Kane County Asset Dissipation Attorneys
Dissipation of Assets Lawyers Assisting Clients in Elburn and St. Charles
Although not discussed as often as other divorce-related concerns, the dissipation of assets by one or both spouses can effectively disrupt the divorce process and cause serious acrimony between the parties. Dissipation of assets refers to the spending of marital funds on goods or services not related to the marriage once the relationship has begun to break down.
The intentional devaluation or wasting of marital property may also be considered dissipating assets, such as damaging the marital home or giving away property without approval. When dissipation of assets becomes an issue during divorce, the court may require the dissipated assets to be offset during property division considerations.
At The Stogsdill Law Firm, P.C., our team of experienced attorneys is equipped to help clients on either side of a dissipation claim. Whether you have been accused of wasting assets, or believe your spouse has spent marital money without your permission, we will work to protect your rights.
Dissipation of Marital Assets
The law in Illinois provides that all marital assets are to be divided equitably upon divorce. Dissipation of such assets prior to the division process creates an imbalance between the spouses that must be rectified. Spending marital property on things unrelated to the marriage, or the intentional or negligent destruction or devaluation of marital assets is unfair and not permitted by law.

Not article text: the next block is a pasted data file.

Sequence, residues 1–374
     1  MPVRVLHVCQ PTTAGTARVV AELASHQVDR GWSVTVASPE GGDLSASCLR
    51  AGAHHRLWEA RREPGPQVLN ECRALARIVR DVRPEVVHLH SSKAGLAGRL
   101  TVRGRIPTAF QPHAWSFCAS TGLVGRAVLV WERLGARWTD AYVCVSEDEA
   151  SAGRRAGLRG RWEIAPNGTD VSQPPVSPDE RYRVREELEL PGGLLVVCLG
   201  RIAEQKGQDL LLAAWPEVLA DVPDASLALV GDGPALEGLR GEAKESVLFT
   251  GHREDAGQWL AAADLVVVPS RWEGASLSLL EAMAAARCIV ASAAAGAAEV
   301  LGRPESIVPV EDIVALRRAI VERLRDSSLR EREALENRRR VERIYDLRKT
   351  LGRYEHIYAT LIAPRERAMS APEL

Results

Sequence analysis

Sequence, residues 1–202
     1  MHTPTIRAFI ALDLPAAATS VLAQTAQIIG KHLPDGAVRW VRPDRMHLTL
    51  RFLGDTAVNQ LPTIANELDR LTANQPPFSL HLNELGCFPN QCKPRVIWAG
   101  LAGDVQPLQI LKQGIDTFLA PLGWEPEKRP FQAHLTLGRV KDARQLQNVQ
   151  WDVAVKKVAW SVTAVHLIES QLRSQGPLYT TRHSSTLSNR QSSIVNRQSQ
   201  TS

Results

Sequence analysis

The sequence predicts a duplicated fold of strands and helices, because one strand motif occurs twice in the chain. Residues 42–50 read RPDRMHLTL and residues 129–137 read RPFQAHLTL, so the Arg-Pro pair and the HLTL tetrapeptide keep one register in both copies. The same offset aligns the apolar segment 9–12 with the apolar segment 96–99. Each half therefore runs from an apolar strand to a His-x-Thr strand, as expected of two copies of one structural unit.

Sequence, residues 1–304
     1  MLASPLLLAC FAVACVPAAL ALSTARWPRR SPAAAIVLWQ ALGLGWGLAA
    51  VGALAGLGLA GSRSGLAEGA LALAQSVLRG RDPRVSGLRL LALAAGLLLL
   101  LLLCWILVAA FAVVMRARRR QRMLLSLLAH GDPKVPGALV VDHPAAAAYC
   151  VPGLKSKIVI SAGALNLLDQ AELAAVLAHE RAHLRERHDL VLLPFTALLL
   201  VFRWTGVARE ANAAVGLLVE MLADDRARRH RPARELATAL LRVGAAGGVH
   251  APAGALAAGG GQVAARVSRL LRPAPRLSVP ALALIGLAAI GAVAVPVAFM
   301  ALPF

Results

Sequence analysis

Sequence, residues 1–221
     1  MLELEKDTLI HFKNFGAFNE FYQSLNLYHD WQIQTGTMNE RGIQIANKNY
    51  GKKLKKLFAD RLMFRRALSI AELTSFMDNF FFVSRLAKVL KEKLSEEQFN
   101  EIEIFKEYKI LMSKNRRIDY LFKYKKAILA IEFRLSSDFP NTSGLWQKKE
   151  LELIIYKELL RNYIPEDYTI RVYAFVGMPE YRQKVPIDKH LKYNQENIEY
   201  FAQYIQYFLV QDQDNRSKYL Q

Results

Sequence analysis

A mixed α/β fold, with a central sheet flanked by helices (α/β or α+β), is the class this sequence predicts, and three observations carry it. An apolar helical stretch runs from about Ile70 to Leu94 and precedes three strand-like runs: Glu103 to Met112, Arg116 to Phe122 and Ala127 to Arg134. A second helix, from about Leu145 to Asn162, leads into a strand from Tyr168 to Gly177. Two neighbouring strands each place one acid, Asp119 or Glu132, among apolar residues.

A dissipation claim may be filed during divorce for a wide variety of situations, including but not limited to:
- Extramarital affairs, including money spent on hotels, trips, or gifts;
- Excessive gambling;
- Intentional destruction of property; or
- Neglect of real estate leading to foreclosure or depreciation.
It is important to note that, while many of these actions would be unacceptable at any point in the marriage, they may only constitute dissipation once the marriage has begun to break down. The point at which a marriage began to irretrievably deteriorate can often be difficult to identify, but doing so is a necessary consideration for a dissipation of assets claim.
Once a claim has been filed, the spouse charged with dissipation is required to prove that the expenditures were appropriate. He or she must offer clear and convincing evidence that the assets were spent for a purpose related to the marriage or that the marriage had not yet begun to break down. Our attorneys are prepared to effectively advocate for our clients both in asserting a claim or defending against one.
If are in the midst of a divorce and the dissipation of assets has become an issue, contact our attorneys at 630-462-9500630-462-9500 to schedule a consultation. We will review your case, help you evaluate potential dissipation of assets claims, and work with you throughout the process. From our offices in Wheaton, we proudly represent clients throughout Kane County, DuPage County, and the rest of Northern Illinois.